import sys class _Getch: """Gets a single character from standard input.""" def __init__(self): try: self.impl = _GetchWindows() except ImportError: self.impl = _GetchUnix() def __call__(self): return self.impl() class _GetchUnix: def __init__(self): import tty def __call__(self): import tty, termios fd = sys.stdin.fileno() old_settings = termios.tcgetattr(fd) try: tty.setraw(sys.stdin.fileno()) ch = sys.stdin.read(1) finally: termios.tcsetattr(fd, termios.TCSADRAIN, old_settings) return ch class _GetchWindows: def __init__(self): import msvcrt def __call__(self): import msvcrt return msvcrt.getch() parsenum = (lambda num: (sys.maxsize if 0 > num else num)) def read_single_keypress(): """interface for _Getch that interprets backspace and DEL properly""" getch = _Getch() x = getch.__call__() ox = ord(x) if ox == 27 or ox == 127: sys.stdout.write(chr(8)) sys.stdout.write(chr(32)) # hacky? indeed. does it *work*? hell yeah! sys.stdout.write(chr(8)) elif ox == 3: raise KeyboardInterrupt elif ox == 4: raise EOFError return x def nbsp(x, y): """append x to y as long as x is not DEL or backspace""" if ord(x) == 27 or ord(x) == 127: try: y.pop() except IndexError: pass return y y.append(x) return y def thismany(count=-1) -> str: """get exactly count chars of stdin""" y =  count = parsenum(count) while len(y) <= count: i = read_single_keypress() _ = sys.stdout.write(i) sys.stdout.flush() y = nbsp(i, y) return "".join(y) def until(chars, count=-1) -> str: """get chars of stdin until any of chars is read, or until count chars have been read, whichever comes first""" y =  chars = list(chars) count = parsenum(count) while len(y) <= count: i = read_single_keypress() _ = sys.stdout.write(i) sys.stdout.flush() if i in chars: break y = nbsp(i, y) return "".join(y) def until_not(chars, count=-1) -> str: """read stdin until any of chars stop being read, or until count chars have been read; whichever comes first""" y =  chars = list(chars) count = parsenum(count) while len(y) <= count: i = read_single_keypress() _ = sys.stdout.write(i) sys.stdout.flush() if i not in chars: break y = nbsp(i, y) return "".join(y) def pretty_press() -> str: """literally just read any fancy char from stdin let caller do whatever""" i = read_single_keypress() _ = sys.stdout.write(i) sys.stdout.flush() return nbsp(i, y)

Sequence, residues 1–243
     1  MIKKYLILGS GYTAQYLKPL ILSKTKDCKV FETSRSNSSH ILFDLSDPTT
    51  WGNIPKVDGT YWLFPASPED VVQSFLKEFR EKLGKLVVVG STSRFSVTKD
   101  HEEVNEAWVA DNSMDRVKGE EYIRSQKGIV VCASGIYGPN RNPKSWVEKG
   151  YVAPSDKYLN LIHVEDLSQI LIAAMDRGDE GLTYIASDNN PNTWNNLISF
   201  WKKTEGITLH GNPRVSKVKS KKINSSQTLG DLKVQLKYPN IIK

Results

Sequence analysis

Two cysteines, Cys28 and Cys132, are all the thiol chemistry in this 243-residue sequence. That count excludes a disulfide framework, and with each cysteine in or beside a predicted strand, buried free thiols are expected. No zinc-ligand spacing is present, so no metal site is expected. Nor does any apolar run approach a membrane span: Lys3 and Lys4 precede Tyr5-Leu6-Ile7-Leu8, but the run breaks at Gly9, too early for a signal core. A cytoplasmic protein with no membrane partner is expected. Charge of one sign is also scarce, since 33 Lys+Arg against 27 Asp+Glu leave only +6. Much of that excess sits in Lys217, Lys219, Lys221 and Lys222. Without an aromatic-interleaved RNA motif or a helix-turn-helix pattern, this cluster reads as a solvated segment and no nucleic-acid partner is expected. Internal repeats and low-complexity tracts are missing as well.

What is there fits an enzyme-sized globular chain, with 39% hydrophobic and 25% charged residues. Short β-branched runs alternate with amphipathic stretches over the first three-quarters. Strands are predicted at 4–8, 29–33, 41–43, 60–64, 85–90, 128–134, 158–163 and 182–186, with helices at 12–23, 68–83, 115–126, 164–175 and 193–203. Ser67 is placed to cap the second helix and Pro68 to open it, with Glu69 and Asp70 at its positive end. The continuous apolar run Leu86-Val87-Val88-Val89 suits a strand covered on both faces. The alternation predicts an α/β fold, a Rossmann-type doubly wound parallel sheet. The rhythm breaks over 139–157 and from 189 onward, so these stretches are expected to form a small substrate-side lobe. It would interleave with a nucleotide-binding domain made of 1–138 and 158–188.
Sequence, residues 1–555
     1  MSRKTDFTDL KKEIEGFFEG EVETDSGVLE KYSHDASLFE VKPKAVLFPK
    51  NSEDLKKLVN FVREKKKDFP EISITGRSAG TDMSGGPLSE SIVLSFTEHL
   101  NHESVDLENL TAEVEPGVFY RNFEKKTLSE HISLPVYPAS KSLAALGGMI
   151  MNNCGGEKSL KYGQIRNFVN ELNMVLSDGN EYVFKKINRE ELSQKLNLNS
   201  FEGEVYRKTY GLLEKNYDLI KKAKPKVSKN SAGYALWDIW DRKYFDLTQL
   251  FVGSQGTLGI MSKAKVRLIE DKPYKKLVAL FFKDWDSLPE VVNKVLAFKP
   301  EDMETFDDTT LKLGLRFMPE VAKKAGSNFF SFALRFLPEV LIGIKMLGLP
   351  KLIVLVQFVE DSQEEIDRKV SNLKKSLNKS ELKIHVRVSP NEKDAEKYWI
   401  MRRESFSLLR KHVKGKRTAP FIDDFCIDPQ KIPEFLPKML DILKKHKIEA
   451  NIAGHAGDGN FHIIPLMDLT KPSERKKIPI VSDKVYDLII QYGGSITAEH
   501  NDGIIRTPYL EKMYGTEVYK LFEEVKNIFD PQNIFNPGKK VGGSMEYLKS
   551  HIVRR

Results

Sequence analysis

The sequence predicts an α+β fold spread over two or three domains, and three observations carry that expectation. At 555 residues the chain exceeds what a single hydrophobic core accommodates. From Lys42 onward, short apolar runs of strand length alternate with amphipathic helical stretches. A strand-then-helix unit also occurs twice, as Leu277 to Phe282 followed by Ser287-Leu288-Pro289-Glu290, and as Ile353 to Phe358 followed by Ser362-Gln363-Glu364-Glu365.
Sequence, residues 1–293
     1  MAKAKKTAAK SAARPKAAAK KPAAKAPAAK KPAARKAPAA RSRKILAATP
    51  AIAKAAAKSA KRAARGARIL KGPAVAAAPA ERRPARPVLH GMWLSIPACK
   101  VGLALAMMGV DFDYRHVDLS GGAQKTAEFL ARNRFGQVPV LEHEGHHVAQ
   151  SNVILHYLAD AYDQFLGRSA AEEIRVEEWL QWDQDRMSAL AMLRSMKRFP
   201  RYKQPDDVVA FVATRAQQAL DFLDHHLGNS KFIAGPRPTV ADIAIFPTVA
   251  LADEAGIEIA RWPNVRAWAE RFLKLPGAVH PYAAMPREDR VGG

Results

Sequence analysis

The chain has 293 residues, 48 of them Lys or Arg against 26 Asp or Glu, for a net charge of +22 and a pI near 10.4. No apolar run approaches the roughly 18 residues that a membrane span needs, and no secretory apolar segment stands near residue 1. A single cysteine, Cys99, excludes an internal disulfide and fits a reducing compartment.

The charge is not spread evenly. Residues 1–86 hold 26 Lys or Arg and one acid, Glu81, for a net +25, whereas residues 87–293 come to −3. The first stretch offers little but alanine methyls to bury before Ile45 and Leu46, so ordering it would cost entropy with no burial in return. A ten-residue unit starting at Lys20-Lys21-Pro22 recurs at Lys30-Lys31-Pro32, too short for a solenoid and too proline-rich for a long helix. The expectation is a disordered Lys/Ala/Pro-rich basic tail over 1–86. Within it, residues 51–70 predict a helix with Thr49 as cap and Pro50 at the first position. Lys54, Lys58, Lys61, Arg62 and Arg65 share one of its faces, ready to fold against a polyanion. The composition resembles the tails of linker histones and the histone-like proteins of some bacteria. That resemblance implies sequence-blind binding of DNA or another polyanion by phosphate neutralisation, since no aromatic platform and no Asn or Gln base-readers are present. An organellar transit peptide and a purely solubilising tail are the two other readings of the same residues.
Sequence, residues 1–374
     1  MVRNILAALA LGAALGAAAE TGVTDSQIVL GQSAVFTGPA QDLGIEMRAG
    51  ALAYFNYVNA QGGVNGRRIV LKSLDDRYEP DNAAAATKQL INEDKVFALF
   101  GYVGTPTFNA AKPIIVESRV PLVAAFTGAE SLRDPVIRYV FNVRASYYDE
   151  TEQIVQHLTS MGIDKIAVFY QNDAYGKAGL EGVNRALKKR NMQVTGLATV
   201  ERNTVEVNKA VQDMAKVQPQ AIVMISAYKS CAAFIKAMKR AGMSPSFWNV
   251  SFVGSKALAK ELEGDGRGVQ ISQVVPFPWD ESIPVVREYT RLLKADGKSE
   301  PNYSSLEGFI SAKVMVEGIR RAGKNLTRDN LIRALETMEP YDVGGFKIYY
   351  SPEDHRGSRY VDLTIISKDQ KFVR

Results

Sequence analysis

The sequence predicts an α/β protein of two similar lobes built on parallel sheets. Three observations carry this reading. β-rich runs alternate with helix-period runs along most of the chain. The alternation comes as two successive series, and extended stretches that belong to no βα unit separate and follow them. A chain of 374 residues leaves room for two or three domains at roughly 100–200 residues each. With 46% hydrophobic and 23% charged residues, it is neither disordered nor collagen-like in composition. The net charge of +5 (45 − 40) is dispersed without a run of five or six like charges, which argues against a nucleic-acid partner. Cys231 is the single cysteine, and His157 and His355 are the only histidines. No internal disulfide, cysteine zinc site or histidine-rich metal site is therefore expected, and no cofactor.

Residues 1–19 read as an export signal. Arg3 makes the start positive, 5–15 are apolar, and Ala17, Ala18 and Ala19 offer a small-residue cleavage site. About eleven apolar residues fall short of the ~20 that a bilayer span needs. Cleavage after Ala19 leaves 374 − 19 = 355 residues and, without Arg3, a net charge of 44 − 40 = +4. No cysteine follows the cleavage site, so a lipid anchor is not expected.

Short & sweet. No bugs. Anywhere. 1
Notes / etc